Thursday, April 19, 2012

Review: 'Kid Icarus: Uprising' burns its wings

(CNN) -- When the Nintendo 3DS was introduced at the Electronic Entertainment Expo (E3) in 2010, one of the announced games that drew the most favorable reaction was "Kid Icarus: Uprising."

A follow-up to the original "Kid Icarus" title that came out 25 years ago, this new version offers updated graphics, classic boss battles and humorous dialogue that, unfortunately, quickly becomes cheesy and trite.

The story harkens back to the original as the forces of Light battle the forces of Darkness with the player acting as the champion for Light. The angel hero, Pit, must set out once again with the help of the goddess of Light, Palutena, to defeat Medusa and end the threat to the human race.

Players control Pit with the device's circle pad and use its stylus to aim and turn him. Firing his weapon is done with the left shoulder button on the 3DS. Fortunately, the game comes packed with a nifty stand, because trying to hold and maneuver gameplay was quite the contortion.

Even using the stylus after a while became painful in my wrist. The game does remind you from time to time to take a break, so perhaps the developers thought there might be a problem.

Combat is broken down into three sections for each chapter: flight battle, ground battle and boss battle. In the air, Pit attempts to shoot enemies while continuously flying forward. He is able to dodge around the screen but his motion is always moving ahead.

On the ground (because apparently this angel has a limit on how much he can fly), Pit navigates through a series of rooms and pathways, defeating enemies and collecting hearts. Hearts are the currency by which players can obtain new weapons and skills.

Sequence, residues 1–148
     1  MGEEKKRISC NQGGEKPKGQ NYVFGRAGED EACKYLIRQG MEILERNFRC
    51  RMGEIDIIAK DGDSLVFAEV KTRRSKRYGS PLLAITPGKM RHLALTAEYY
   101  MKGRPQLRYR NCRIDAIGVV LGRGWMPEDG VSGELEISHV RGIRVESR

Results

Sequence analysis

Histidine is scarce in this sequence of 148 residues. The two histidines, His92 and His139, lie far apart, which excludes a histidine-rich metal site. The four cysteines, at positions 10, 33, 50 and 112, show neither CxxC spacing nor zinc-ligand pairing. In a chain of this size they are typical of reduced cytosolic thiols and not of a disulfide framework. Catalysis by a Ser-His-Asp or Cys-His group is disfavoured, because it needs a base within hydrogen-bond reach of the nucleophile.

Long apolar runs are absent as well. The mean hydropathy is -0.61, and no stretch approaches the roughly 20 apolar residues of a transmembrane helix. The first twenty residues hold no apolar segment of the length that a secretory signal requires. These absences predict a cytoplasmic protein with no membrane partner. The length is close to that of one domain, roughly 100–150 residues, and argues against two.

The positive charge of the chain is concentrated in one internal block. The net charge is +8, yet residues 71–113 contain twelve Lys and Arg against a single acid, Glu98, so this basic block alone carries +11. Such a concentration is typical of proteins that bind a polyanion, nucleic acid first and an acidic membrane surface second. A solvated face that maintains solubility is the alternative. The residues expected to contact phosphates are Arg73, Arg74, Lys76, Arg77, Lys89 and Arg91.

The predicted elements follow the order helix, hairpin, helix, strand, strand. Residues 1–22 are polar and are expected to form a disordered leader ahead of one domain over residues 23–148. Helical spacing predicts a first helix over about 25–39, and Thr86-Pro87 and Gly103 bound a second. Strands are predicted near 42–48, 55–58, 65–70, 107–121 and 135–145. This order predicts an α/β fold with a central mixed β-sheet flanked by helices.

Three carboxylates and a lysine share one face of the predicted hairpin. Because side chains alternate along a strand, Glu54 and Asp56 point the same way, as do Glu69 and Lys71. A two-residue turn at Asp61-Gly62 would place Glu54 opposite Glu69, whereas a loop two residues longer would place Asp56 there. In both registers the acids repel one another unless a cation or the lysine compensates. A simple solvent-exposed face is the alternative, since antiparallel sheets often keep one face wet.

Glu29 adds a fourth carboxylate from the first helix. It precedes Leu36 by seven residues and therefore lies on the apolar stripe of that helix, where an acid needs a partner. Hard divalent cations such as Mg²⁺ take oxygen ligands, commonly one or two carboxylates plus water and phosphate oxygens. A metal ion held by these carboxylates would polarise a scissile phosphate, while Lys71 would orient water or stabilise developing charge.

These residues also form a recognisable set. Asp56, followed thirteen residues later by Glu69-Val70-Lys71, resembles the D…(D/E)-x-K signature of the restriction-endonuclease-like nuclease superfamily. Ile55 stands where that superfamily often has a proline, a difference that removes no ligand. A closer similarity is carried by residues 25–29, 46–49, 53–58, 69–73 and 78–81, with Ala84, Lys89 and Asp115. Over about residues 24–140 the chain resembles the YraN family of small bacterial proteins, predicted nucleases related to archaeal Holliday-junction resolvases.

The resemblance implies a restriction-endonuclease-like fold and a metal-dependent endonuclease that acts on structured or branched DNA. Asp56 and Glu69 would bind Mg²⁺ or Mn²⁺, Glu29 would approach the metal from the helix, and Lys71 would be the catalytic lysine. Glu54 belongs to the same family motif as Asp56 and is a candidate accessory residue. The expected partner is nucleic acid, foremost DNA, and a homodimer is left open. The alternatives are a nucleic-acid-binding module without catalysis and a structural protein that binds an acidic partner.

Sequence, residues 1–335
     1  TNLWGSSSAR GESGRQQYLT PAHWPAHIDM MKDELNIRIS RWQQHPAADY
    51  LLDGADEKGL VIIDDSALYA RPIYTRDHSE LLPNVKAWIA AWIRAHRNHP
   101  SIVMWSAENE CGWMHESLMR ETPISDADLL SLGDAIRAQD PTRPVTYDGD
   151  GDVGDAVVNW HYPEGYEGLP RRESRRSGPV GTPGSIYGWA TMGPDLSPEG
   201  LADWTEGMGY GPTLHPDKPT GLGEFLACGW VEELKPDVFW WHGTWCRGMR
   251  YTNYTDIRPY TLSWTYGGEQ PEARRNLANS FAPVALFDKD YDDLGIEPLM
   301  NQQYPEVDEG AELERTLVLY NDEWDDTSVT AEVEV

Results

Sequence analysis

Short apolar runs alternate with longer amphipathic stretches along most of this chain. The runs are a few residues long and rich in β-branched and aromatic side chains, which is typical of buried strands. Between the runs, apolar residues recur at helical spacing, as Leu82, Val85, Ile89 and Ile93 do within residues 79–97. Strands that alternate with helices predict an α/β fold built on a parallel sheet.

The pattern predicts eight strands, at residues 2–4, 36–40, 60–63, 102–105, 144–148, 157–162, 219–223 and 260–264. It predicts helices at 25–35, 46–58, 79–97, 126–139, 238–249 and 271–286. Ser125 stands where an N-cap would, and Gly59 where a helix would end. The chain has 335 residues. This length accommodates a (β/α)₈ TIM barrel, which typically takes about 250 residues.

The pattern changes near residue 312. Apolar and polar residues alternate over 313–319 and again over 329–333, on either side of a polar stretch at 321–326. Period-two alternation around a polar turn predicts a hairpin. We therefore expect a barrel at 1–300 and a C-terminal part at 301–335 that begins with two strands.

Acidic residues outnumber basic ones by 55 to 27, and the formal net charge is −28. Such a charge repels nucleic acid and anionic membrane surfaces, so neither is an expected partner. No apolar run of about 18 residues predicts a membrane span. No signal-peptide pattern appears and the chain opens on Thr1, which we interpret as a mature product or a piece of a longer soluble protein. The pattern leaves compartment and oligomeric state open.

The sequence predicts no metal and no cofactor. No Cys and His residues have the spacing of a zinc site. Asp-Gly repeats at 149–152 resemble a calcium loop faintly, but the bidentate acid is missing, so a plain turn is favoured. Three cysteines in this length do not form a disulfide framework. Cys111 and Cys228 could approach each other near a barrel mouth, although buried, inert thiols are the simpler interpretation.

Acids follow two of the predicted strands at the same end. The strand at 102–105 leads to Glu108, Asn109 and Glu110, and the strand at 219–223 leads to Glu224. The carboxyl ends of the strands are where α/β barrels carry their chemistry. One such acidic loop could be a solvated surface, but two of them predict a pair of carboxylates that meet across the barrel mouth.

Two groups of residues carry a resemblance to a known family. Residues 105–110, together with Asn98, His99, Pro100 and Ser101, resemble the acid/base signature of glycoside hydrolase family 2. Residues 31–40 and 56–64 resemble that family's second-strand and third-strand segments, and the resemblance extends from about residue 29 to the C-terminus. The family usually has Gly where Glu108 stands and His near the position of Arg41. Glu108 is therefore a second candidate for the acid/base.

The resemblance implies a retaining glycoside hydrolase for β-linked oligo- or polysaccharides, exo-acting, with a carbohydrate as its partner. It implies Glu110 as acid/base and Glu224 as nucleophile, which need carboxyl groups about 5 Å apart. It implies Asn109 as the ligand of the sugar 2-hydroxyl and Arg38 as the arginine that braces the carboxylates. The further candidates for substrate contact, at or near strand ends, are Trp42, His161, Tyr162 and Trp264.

The boss battles close each chapter, involving classic characters and a combination of nimble dodging and intense firepower. The bosses are returning enemies from the original title, but offer new challenges for fans of the franchise.

The intensity of each chapter can change as well, ramping up the enemies and the loot. A device called the Fiend's Caldron allows players to spend hearts to adjust the difficulty. Want to make it easier? That'll cost you. If you want more, you bet hearts that you can complete the chapter, winning you more hearts.

Pit has nine weapon types at his disposal and can equip one before each chapter. Ranging from rifles to clubs, each offers special advantages. One nice feature is that some weapons can be fused with other weapons to create even more powerful attacks. Plus, some of the names are really quite charming.

If there is a downside to the game, it is the dialogue. It starts off being funny and cute, but I get the feeling the writers were trying too hard in the later stages of the game. There are plenty of silly pop-culture references that don't quite work in this mythological setting: "Happy meal of pain"? Really?

The talk also clashes with the action. Many times, the dialogue ran on so long that I completed the fight before the characters were done trash-talking each other. It ended up almost ruining the entire experience.

Overall, "Kid Icarus: Uprising" does offer some solid combat, some great visuals and a good soundtrack. The gameplay is good, and the story does move along at a brisk pace.

However, it's hobbled by an uncomfortable playing configuration that cries out for a second circle pad (Circle Pad Pro, anyone?) instead of the stylus pointer..

"Kid Icarus: Uprising" is available now and only for the Nintendo 3DS. It is rated E 10+ for everyone 10 years old and older due to comic mischief, fantasy violence, and mild suggestive themes. This review was done using the Nintendo 3DS with no extra hardware attachments.